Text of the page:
“Get a job with a pension” was the plea of Alan Pickering’s’ parents. He did. He became a pensions guru. Someone has to do it and there is no reason why a man without sight but with plenty of vision couldn’t do the job. He did so well at it he got a gong.  This is what he said about how he got there.https://www.pensionsage.com/pa/Guest-comment-Vision-without-sight.php

Not everyone gets the benefit of support as they make that transition from school to the world of work. #Shappi Kharsandi, tells the story about how, with looming poor grades at A ‘Level, her school thought she wasn’t university material, but she had such a bubbly and outgoing personality. They recommended she become a holiday rep. She wondered, if she had been at a half way decent fee paying school, how that conversation might have run: “We think that while you might not be university material you’ve got such a bubbly and outgoing personality, we recommend you become Foreign Secretary.”

There’s something in this. Expectation is everything. It can enable you to grow into the person you think might want to become. If people don’t have much of an expectation what is to become of you?

In my final year of school, I was summoned to my housemaster’s sitting room for a careers discussion. When I got there, he was sitting in an arm chair, smoking a cigar, glass of whisky on the table, reading #Playboy. “Sir,” I protested. “You’re reading a porn mag.”

“She reads Homes and Gardens,” he said in his own defense, giving a cursory nod in the direction of his wife who was, curled up on the sofa, absorbed in the world of interior designs.

A silence hung between us until he put his “reading” matter down. I waited. “Well, I don’t have any advice to offer.” Then he went on to offer his equivalent of “you might not be university material but you’ve got a bubbly personality.”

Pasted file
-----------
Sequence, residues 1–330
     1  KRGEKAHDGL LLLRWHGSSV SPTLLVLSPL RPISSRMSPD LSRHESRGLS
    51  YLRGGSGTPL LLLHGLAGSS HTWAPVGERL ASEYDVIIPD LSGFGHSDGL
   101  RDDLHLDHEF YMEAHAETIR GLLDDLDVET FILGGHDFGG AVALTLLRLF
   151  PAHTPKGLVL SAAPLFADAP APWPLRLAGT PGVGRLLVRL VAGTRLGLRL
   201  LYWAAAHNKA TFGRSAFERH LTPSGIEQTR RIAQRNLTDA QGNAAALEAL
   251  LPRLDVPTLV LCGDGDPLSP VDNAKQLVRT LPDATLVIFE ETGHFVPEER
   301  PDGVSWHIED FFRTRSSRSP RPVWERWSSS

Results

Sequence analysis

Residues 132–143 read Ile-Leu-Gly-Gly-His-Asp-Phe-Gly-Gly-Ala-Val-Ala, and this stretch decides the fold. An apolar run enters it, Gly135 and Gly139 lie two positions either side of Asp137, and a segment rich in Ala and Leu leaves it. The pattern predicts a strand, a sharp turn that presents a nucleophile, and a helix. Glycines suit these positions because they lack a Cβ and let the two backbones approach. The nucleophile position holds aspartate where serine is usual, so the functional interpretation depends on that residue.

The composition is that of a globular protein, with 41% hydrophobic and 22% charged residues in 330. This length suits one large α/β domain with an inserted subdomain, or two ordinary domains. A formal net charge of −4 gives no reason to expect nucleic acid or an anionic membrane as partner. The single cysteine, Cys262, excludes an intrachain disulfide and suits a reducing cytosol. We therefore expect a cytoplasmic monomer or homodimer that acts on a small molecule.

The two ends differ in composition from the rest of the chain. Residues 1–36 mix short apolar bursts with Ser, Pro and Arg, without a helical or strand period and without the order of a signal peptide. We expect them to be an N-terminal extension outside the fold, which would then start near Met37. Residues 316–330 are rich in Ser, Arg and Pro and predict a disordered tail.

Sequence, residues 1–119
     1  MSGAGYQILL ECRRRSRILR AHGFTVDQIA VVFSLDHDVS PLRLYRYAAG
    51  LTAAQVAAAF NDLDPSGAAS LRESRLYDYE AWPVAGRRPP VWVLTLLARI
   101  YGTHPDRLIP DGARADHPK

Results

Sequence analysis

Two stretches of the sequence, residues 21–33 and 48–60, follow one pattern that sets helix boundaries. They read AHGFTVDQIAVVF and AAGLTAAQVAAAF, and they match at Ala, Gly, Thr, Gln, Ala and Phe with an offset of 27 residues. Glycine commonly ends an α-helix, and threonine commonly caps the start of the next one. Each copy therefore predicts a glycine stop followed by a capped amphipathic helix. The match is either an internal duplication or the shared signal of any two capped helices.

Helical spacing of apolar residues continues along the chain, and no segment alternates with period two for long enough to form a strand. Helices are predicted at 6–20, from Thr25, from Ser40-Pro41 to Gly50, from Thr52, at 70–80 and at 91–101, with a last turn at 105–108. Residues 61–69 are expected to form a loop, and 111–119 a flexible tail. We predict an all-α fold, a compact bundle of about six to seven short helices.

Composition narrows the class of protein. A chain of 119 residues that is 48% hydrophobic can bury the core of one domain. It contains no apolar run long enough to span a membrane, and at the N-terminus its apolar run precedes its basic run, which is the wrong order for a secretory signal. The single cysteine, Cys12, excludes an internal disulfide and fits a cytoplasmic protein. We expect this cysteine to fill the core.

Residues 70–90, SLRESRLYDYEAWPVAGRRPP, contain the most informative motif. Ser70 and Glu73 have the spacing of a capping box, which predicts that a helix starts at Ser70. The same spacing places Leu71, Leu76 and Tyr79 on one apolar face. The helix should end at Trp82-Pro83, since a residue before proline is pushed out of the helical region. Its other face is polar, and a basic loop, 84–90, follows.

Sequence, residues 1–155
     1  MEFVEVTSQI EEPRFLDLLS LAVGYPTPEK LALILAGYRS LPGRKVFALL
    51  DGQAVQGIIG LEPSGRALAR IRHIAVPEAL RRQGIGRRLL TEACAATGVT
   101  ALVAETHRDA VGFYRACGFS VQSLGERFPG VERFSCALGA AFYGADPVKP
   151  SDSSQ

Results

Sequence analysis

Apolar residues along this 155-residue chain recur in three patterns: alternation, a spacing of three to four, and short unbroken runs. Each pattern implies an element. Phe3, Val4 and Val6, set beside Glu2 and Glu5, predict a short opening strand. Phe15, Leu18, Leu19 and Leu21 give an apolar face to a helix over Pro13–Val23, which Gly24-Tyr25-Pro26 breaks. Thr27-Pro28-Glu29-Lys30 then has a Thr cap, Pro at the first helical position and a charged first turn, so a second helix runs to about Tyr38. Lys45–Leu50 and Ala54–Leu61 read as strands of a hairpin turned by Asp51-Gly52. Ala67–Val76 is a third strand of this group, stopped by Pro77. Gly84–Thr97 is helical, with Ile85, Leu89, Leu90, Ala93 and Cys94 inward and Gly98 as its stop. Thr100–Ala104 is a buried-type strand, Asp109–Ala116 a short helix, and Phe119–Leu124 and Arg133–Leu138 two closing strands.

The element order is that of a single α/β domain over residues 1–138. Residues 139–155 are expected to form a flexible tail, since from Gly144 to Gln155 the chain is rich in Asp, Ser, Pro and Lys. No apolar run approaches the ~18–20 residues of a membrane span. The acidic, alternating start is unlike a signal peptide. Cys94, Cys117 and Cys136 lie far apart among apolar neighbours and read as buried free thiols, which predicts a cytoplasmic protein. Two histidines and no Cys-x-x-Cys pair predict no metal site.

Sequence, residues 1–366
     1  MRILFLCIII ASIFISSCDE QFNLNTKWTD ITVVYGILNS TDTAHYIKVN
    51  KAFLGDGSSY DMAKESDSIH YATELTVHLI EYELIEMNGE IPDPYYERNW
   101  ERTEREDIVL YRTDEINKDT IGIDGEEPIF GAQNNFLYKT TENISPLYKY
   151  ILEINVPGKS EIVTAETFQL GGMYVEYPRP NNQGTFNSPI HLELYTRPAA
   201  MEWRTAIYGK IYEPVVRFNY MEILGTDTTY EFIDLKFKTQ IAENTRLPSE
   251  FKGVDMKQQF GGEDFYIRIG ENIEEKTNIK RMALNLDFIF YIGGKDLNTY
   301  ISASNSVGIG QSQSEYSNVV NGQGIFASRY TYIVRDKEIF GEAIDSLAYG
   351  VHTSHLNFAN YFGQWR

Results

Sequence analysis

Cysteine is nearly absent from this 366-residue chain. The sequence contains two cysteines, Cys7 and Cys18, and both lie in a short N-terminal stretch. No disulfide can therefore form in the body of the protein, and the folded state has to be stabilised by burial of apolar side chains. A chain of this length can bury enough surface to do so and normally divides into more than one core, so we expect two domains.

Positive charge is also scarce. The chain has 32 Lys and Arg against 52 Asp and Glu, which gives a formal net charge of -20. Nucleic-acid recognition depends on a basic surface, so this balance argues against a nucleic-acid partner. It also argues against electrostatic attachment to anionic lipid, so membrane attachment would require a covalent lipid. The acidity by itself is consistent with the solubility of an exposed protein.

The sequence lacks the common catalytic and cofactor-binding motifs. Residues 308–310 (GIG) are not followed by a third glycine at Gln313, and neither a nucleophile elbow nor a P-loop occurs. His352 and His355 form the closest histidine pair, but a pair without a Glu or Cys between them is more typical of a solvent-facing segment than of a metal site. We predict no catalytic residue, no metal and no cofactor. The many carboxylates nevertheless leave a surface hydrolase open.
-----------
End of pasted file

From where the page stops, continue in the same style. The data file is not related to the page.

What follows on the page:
“Being a blind bat and as gobby as you are, we had just better hope that you can find yourself a very old rich husband to marry. With luck, he’ll die and leave you all his money, but not if you’re too gobby.”

The Careers Counsellor had a more considered approach.  He asked me what I had in mind. I explained that I was thinking of a career in the arts or the law. It was the seventies. A lot of episodes of #Crown Court had shaped my view of my potential to put a better argument and a better performance. If the law wouldn’t have me, maybe I could act and just pretend.

“How much do you weigh?’ he asked.

“No idea,” I answered.

“You’re quite a hefty girl and not a lot of sight I note, I’d recommend you consider basket weaving.”

As recommendations go, being bubbly and a potential holiday rep, or even Foreign Secretary, would be a considerable step up from being a basket case. I mean this in the nicest way imaginable to weavers, but this was not what I had in mind.

I wondered what was wrong with these people? What was it about them that meant they had no vision? Why could they not see the life of adventure that I could see for myself?

It was listening to #Shappi Khardandi that bought it all back: The #Playboy magazine, the smoking teacher drinking whisky in the afternoon, careers advice that was not careers advice at all. It was the seventies. Shappi was feeling rather smug about how it turned out. I know what she means.  I’m more likely to annoy than make people laugh as much. Oh heck, I’m feeling pretty smug about it too.